3. Prioritize practice. Changing practice starts with identifying the barriers standing in the way of your school’s target outcomes, focusing on areas that help the school overcome those barriers, and setting a clear path for teachers.

My belief is that personalized learning must be individualized for teachers and for students, and that practices should draw on educators’ strengths and backgrounds. Teachers perform best when school leadership builds them safe spaces in which to innovate, supports them as they try new things, and provides them with the resources and training that they need to get the results they want.

Teachers should work with each student to build a profile of his or her goals following in-depth conferencing or perhaps an “empathy walk,” in which they walk in their students’ footsteps for a day. Practice can be informed by rigorous qualitative and quantitative data collection examining student attendance, engagement, interests, and academic performance.

Then, working from a deeper understanding of each student’s needs, teachers and principals can co-design classrooms to foster the varied learning experiences students need to reach their goals. In any given classroom, you might see small-group instruction, kids working together on projects or problems, or young learners working independently. Some schools I work with in Chicago use colloquia that allow students to pursue independent projects in the community. We work to get all students to the point where they can articulate why they are completing an activity, and how it serves their broader goals.

Shifts in practice can’t be expected overnight. Schools begin the journey to transformation with a few early adopters—enthusiastic educators who understand the value of personalized learning and forge ahead. Principals often find these trailblazers easy to support, and they can spread their practices from a few model classrooms to the whole school by setting stakeholder expectations and articulating clear goals.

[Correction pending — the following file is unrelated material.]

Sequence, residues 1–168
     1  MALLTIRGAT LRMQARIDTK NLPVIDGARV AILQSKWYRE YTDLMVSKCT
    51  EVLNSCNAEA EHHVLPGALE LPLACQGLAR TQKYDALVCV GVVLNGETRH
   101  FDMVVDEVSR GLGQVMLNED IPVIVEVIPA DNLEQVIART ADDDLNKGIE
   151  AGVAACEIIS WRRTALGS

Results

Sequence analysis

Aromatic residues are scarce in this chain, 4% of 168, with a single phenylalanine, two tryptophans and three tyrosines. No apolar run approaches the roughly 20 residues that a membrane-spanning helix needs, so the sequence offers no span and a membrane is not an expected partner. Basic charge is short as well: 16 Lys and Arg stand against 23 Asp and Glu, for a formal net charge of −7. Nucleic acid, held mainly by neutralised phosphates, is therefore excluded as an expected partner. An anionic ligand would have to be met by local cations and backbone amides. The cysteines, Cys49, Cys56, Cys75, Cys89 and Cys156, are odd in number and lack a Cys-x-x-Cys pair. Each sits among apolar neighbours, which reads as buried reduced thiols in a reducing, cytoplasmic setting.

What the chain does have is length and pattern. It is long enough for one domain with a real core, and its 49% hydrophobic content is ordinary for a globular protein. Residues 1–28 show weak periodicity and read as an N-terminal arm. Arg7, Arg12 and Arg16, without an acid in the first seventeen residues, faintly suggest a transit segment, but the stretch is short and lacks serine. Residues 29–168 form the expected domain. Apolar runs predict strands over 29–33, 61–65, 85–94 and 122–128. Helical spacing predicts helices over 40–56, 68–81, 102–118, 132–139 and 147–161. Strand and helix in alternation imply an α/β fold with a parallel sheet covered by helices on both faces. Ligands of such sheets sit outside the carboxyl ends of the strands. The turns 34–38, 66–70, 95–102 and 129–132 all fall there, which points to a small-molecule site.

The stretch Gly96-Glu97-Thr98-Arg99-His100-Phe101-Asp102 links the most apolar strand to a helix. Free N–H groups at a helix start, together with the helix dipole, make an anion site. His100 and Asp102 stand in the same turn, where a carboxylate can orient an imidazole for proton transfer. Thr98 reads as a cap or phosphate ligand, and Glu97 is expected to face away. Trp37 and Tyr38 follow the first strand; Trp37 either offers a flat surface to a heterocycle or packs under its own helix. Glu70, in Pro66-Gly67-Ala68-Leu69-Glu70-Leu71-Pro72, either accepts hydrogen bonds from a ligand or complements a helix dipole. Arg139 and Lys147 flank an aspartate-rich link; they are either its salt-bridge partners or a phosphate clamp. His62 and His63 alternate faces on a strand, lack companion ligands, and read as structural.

A Personalized Pedagogy

Today’s schools are at a crossroads: After a century of one-size-fits-all schooling that often left students from underrepresented cultures, high-poverty backgrounds, and nonwhite races behind, we are piloting a new paradigm that prepares every child to thrive. We can’t just teach content; we must foster creativity and independence. We can’t isolate the classroom from the real world, and we must help students connect their studies to their cultures, interests, and strengths.

To prepare every child to succeed today, we need to let go of an educational model built to prepare them for yesterday’s jobs. We need to foster and empower learners to think critically, thrive through ambiguity, and guide their own futures. Principals are uniquely suited to support this innovative new model. They can help build consensus behind the “why”—and ultimately help teachers and students engage in the “how.”

Jeneen Y. Hatoum is director of programs at LEAP Innovations and a former assistant principal at Kenwood Academy of Chicago.